In Order to Succeed, Protests Relying on a Limitation on Subcontracting Clause Must Show a Lack of Compliance on the Face of the Proposal
August 22, 2013
By: Eric Whytsell
In two recent protests at the Government Accountability Office (GAO), the protester alleged that the awardee’s quotation violated the applicable limitation on subcontracting because awardee could not or would not perform the required portion of the contract. In both cases, GAO made clear that such protests cannot succeed unless the protester can demonstrate that the quotation shows, on its face, that awardee will not comply with the clause. In other words, protesters cannot rely solely on arguments about what they think the awardee cannot or will not do during the performance of the contract.
The first case, DBI Waste Systems, Inc., B-408304 (Comp. Gen. Aug. 5, 2013), involved a set-aside for service-disabled, veteran-owned small business (SDVOSB) concerns. The RFQ included the VA Acquisition Regulation’s (VAAR) limitation on subcontracting clause, which requires the prime to perform at least 50% of the personnel costs. The statement of work (SOW) required non-hazardous waste removal and full-service recycling management. The protestor argued that awardee Conquistador Services, Inc. would not perform 50% of the personnel costs because it had subcontracted the entire waste removal function to a non-SDVOSB concern.
As an initial matter, GAO noted that challenges to an agency’s judgment concerning a small business’s ability to comply with the limitation on subcontracting clause generally presents a question of responsibility not subject to GAO review. However, if the contents of a quotation should lead an agency to conclude that the small business has not agreed to comply, the matter instead involves the quotation’s acceptability, which the GAO will review.
In DBI Waste Systems, GAO rejected the protester’s argument because (i) nothing in Conquistador’s quote took exception to the limitation on subcontracting; (ii) the quote instead made clear the awardee would “in no event . . . perform less than the percentage required” by the clause; and (iii) the SOW called for significantly more than subcontracted waste removal services. Reviewing the SOW in detail, GAO recognized the numerous professional and administrative aspects of the recycling management portion of the work, which included data collection, reporting, compliance, and professional services like training and consulting. GAO characterized these tasks as requiring a “significant amount of professional and administrative work,” an observation further supported by the awardee’s detailed breakdown of it expected labor hours and corresponding costs. In light of this evidence, the protester’s argument to the contrary amounts to nothing more than a disagreement with the agency’s determination, which GAO found no reason to question.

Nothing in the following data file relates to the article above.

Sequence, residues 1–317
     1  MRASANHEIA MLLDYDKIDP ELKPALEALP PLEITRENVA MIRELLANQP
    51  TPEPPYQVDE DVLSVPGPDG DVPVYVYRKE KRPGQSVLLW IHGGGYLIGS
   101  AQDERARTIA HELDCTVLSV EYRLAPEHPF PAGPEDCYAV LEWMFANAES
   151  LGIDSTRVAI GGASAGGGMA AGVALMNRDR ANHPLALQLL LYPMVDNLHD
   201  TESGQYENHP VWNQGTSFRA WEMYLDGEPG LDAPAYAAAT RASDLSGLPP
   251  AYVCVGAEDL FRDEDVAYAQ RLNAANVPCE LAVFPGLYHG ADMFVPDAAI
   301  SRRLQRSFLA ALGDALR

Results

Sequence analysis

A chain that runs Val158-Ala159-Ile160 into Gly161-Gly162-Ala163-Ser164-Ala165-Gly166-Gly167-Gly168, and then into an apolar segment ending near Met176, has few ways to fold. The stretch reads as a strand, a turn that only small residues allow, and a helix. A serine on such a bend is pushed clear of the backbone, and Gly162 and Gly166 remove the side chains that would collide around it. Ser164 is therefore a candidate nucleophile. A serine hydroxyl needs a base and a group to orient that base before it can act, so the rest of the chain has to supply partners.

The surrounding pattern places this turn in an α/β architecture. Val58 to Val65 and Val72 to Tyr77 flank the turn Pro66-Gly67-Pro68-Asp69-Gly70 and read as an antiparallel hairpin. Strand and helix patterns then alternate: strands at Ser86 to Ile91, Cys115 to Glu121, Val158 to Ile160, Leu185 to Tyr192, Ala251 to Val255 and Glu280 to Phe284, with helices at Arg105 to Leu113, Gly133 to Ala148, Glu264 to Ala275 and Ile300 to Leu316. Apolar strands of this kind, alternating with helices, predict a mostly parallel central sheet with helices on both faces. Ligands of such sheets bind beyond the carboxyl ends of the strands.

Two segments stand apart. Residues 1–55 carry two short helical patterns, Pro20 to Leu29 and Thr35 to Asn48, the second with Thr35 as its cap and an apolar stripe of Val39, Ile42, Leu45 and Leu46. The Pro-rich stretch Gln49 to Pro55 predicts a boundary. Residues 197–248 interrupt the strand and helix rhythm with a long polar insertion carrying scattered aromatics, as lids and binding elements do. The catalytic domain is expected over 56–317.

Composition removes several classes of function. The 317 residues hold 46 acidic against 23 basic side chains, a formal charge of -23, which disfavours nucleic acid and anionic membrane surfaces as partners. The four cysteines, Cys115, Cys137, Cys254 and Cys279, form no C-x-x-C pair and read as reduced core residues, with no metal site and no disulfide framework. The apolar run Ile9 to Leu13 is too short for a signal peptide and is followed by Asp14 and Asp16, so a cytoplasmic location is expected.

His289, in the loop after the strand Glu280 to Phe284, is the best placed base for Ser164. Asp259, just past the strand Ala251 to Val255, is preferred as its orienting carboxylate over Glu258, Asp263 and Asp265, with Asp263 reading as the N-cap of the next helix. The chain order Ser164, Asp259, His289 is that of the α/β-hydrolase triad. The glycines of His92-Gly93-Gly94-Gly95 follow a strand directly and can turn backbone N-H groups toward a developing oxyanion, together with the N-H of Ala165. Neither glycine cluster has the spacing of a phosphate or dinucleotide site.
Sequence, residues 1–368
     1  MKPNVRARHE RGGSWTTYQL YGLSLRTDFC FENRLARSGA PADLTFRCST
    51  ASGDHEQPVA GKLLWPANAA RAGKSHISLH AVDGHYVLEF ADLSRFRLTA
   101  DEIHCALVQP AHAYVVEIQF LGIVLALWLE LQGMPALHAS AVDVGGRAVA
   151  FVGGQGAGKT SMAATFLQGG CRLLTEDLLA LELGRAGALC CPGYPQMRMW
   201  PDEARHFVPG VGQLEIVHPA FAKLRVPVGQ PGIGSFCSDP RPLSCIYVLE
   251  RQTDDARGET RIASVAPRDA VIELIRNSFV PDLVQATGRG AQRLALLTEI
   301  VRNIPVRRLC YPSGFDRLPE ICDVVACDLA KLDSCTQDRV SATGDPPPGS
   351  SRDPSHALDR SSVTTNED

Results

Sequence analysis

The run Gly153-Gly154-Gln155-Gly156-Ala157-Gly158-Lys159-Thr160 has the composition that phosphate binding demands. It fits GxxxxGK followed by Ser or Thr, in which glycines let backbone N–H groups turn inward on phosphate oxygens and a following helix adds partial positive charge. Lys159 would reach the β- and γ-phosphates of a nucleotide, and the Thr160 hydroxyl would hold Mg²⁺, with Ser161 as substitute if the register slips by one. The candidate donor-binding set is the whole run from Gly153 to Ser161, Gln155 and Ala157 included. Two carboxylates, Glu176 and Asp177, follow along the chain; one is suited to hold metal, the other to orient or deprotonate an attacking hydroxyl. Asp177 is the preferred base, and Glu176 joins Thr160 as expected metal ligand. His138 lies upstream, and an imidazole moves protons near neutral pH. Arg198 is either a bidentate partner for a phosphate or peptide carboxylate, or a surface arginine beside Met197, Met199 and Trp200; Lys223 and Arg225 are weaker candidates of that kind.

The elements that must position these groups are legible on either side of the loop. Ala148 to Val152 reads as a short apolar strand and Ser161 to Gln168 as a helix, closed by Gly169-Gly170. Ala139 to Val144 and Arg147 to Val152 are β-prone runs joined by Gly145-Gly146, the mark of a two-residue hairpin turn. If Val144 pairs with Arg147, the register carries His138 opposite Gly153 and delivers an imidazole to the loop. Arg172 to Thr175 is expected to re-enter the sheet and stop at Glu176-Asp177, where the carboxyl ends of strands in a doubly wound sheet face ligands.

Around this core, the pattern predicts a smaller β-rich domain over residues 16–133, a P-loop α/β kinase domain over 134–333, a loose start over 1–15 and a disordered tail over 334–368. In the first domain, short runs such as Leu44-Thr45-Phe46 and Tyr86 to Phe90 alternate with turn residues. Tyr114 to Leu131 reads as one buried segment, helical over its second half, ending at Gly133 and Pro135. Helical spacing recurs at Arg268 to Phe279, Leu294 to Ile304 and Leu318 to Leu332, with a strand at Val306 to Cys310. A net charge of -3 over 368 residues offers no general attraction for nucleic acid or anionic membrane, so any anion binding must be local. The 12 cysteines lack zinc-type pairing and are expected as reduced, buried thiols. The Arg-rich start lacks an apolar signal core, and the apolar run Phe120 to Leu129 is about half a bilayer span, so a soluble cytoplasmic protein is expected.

Two days later, GAO issued a decision in KAES Enterprises, LLC, B-408366 (Comp. Gen. Aug. 7, 2013), which involved a small business set-aside of an IDIQ contract for emergency generator maintenance. The RFQ included the limitation on subcontractor clause at FAR 52.219-14, which requires the small business awardee to perform at least 50% of the cost of contract performance incurred for personnel. The protester argued that the awardee, Energy Pro OSC, LLC, was ineligible for award because it lacks sufficient staff to perform the required percentage of work on its own.
After noting the distinction between issues of responsibility and those involving a quotation’s acceptability, GAO noted that the solicitation asked offerors to indicate, as a percentage, the “total estimated amount of work under this contract that your firm will complete (excluding subcontractors).” In response, Energy Pro’s quotation stated it would perform 51% of the work itself. When the protester argued that the awardee had not backed up its statement with supporting documentation, GAO pointed out that the burden in this context falls upon the protester, not the awardee – and that the protester had failed to bear it here. Because the protester failed to identify any part of the quotation that, on its face, should have led the agency to conclude that the awardee did not agree to comply with the subcontracting limitation, GAO saw no basis to hold that the agency had acted improperly.
The clear take-away from these decisions is that protests to GAO based on the limitation of subcontracts clause can only succeed if the protester is able to point to aspects of the awardee’s proposal that demonstrate it will not comply with the limitation. The slightly less obvious but potentially more useful lesson relates to what an offeror must do to prevent such a protest: make sure proposals contain nothing that might support a protester trying to make such an argument.
Eric Whytsell is the attorney responsible for the content of this article.